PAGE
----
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Clearly Compliant, L.L.C. v. Bornbach

Court of Appeals of Iowa

November 8, 2017

CLEARLY COMPLIANT, L.L.C., Plaintiff-Appellant/Cross-Appellee,
v.
THERESA M. BORNBACH and CHARITY RESOURCES, L.L.C., d/b/a CAPSTONE CHARITY RESOURCES, L.L.C., Defendants-Appellees/Cross-Appellants.

         Appeal from the Iowa District Court for Linn County, Robert E. Sosalla, Judge.

         Clearly Compliant, L.L.C. appeals, and Theresa Bornbach and Capstone Charity Resources, L.L.C. cross-appeal from the district court's order denying the request for a permanent injunction.

          J. Michael Westonand Brenda K. Wallrichs of Lederer Weston Craig, P.L.C., Cedar Rapids, for appellant.

          Vernon P. Squires of Bradley & Riley P.C., Cedar Rapids, for appellees.

          Heard by Danilson, C.J., Mullins, J., and Carr, S.J. [*]

          DANILSON, Chief Judge.

         Clearly Compliant, L.L.C. appeals from the district court's order denying its request for a permanent injunction and attorney fees. Clearly Compliant contends it is entitled to a permanent injunction preventing Theresa Bornbach and Charity Resources, L.L.C., d/b/a Capstone Charity Resources, L.L.C. (Capstone), from continuing to use Clearly Compliant's trade-secret documents and pricing model to unfairly compete with Clearly Compliant. Clearly Compliant also asserts the district court abused its discretion in denying its request for attorney fees. On cross-appeal, Bornbach and Capstone maintain the district court should have granted Bornbach and Capstone's request for attorney fees.

         We conclude the district court properly denied Clearly Compliant's request for a permanent injunction and affirm on that ground. We also affirm the district court's order denying both parties' requests for attorney fees.

         I. Background Facts & Proceedings.

         Clearly Compliant is a charitable solicitation registration business formed by Sarah Else in 2008. Clearly Compliant provides services to nonprofit organizations to identify and ensure compliance with various states' requirements for the registration of organizations that solicit charitable donations. Else contends she spent years researching the requirements and practices respecting charitable solicitation registration in each state before obtaining her first paying client in 2011. Based on her research, Else developed a number of materials for Clearly Compliant, including an assessment form, intake form, uniform board resolution, confidentiality agreement, and a master spreadsheet of state-specific registration information. Else marked the documents "confidential" and kept them in an internet Dropbox account that required private log-in credential to access. Else also created a pricing model that encompasses a per-state fee with a reduced renewal fee and can include separate costs for additional tasks.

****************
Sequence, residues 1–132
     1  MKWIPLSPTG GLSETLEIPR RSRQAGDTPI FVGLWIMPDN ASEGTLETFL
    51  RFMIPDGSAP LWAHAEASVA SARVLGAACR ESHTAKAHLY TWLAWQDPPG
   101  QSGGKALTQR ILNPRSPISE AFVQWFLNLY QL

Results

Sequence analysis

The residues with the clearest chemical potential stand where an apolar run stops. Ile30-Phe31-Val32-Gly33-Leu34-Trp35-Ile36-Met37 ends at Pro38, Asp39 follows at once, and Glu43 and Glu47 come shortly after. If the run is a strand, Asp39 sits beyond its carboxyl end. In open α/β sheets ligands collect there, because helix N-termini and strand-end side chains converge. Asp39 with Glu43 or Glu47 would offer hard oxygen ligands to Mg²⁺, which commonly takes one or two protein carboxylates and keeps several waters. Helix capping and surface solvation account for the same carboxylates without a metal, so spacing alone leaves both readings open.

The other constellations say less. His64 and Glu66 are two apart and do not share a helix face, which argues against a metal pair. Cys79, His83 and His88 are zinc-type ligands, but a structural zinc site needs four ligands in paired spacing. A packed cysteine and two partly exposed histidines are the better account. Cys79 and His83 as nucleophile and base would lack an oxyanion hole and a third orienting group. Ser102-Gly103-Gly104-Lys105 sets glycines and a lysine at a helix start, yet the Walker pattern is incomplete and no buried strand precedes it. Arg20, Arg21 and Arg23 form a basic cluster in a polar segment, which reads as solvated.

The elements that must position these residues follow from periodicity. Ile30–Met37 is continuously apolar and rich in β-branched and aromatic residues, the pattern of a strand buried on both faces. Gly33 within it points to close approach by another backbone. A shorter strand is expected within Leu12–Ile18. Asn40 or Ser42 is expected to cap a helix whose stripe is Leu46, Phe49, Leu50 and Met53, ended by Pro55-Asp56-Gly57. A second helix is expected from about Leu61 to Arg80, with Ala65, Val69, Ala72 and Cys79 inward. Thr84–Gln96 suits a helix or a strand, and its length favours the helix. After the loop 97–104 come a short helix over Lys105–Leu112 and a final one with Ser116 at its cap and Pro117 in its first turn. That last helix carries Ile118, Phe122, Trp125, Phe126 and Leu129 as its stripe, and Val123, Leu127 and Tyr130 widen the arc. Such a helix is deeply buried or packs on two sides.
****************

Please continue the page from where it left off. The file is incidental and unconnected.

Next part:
In building her business, Else sought assistance from Bornbach, who owned a business-coaching company, Biz Savvy. Else participated in group classes offered by Biz Savvy in business development and marketing strategy. Bornbach promised confidentiality to the clients of Biz Savvy. Else also rented office space from an entity called Co-Works, which was owned by Bornbach. Bornbach stopped rendering coaching services to Else in December 2013.

         In February 2014, Else and Bornbach began negotiations to become partners in Clearly Compliant. While negotiating the potential partnership, Bornbach began collaborating with Else on client development. As part of the collaboration and to further the partnership negotiations, Else gave Bornbach access to Clearly Compliant's materials. Else did not require Bornbach to sign a nondisclosure, confidentiality, or noncompete agreement, but she expected Bornbach to maintain the promise of confidentiality made as part of the business-coaching relationship.